Atlantic Council: Zelensky’s Team Must Sell Off The Land and State Enterprises in the Autumn

The Atlantic Council gave the next portion of instructions to Kiev and the EU

In Ukraine the work of the new parliament will begin very soon. In this regard the Atlantic Council American analytical center could not stand aside. They already got used to giving instructions to Ukraine publicly, without hesitating.

“On August 29, the newly-elected Ukrainian parliament will convene. The country has a unique chance for change that rests mainly with the president, parliament, and soon-to-be appointed government, but the West has a significant role to play. Ukraine will have a window of opportunity for profound reform, but such windows are rarely open for long. The West needs to stand up and deliver while it is open,” wrote the author of the article, the senior research associate of the Atlantic Council, the Swedish economist and former diplomat Anders Aslund.

The website notes that the Ukrainian president and his team want to undertake all reforms very quickly. Among such planned reforms there is the cancellation of parliamentary immunity, the reform of the prosecutor’s office, the liquidation of department “K” in the SBU, which investigates organised crime and corruption, and the cancellation of the moratorium on the land. At the same time, the author advises not to worry concerning the speed of reforms – everything goes according to plan. Concerning this, Anders Aslund is most of all disturbed by the Venice Commission, because “judges from dictatorships like Azerbaijan and Russia are members”. This commission, according to the author, in general considers each issue too slowly and carefully, therefore the Atlantic Council advises: “Ukraine should stop consulting this flawed organization. Other purely western organizations, the European Union or the G-7, should take its place”.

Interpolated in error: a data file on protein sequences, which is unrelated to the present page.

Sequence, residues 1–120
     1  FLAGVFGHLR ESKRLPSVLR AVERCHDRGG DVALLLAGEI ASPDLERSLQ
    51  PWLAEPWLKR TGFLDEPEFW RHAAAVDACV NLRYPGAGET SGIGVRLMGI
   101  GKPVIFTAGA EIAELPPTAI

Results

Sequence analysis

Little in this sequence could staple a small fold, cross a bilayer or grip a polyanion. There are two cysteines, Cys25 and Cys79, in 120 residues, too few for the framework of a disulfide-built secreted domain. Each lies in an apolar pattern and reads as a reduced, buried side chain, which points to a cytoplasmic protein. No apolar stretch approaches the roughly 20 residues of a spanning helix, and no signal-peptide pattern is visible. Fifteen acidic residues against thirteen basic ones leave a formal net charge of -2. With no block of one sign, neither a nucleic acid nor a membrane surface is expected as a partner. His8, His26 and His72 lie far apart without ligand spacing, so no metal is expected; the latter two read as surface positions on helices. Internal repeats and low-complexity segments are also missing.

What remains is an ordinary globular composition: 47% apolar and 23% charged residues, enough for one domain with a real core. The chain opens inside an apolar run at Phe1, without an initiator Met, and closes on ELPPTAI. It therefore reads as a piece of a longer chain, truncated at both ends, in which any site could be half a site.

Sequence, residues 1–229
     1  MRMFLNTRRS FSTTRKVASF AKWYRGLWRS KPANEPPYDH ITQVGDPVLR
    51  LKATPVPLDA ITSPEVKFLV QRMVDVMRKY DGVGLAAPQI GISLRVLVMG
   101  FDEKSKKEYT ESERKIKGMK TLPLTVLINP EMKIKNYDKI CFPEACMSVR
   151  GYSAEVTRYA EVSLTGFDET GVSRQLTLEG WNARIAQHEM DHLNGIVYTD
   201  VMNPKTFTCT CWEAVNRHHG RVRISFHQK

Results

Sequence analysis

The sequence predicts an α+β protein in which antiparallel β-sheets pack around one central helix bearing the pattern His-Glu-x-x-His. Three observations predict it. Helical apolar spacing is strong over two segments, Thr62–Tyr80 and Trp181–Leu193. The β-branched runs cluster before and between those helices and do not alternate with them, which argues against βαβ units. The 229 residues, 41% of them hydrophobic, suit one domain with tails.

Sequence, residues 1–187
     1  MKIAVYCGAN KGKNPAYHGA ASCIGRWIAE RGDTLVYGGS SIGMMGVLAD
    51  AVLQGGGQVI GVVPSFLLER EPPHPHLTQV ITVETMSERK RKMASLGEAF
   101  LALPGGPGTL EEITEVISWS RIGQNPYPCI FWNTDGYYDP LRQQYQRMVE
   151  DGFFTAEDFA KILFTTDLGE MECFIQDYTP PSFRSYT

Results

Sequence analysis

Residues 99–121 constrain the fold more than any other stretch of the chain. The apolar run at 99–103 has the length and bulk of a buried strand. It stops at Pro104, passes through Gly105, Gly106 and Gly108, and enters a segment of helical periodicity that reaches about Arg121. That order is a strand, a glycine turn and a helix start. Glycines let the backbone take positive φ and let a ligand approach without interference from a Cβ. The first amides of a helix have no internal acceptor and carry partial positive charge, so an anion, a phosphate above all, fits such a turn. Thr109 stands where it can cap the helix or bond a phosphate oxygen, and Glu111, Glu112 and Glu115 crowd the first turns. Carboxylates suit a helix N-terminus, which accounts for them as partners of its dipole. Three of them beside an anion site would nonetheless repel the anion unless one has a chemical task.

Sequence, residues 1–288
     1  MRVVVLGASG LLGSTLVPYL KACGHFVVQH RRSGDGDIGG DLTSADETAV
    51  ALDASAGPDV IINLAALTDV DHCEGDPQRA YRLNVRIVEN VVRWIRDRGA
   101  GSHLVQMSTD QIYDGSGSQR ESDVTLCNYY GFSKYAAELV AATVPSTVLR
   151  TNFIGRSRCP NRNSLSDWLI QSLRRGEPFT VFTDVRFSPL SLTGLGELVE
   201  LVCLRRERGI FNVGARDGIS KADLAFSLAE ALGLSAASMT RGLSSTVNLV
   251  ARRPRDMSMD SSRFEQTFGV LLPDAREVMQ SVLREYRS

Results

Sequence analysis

Concerning the moratorium on the sale of agricultural land, the Swedish economist is adamant: “It is time to stop this charade”.

The World Bank, the international organization in charge of land reform advice, needs to support swift reform.

The next issue is the privatisation of state enterprises. In Ukraine, according to the Atlantic Council, there are 3350 of them there.

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It is possible to leave 100 of the largest in state ownership, and to urgently put the others up for auction. “The European Bank for Reconstruction and Development (EBRD), the World Bank, and USAID should carefully advise this process,” the author adds, as the process cannot be left unchecked.

The next topic, according to Aslund, is relations with the IMF.

As soon as a new government has been formed, hopefully in September, the IMF should negotiate a three or four-year agreement (called an extended fund facility in IMF language) offering Ukraine credits of at least $2 billion a year. Ukraine has already secured macroeconomic stability, but the National Bank and the Finance Ministry need moral, technical, and financial support to keep it up.

The senior research associate of the Atlantic Council assumes that all these reforms can be undertaken in Ukraine during the autumn, then it will be possible to move on to investment in the winter. The public sector will be undertaken by the World Bank, the EBRD, and the European Investment Bank, and the export-import bank of the US, Overseas Private Investment Corporation, and various western credit and insurance institutions will invest in the private sector.

All of this is reminiscent of the classics: in the morning – money, in the evening – chairs.

Concerning education and health care, the author tolerantly notes that they, of course, are very important, however so far there isn’t enough time or funds for them.

Needless to say, there are also plenty of tasks for the European Union and bilateral assistance agencies such as the UK’s Department for International Development and the Swedish International Development Cooperation Agency. This might be Ukraine’s greatest chance yet. The West needs to assist as well as it can.

To put it briefly, before the cold weather the new Ukrainian authorities should auction off the land and other assets, and the IMF will give $2 billion a year as moral support. As a loan, of course.

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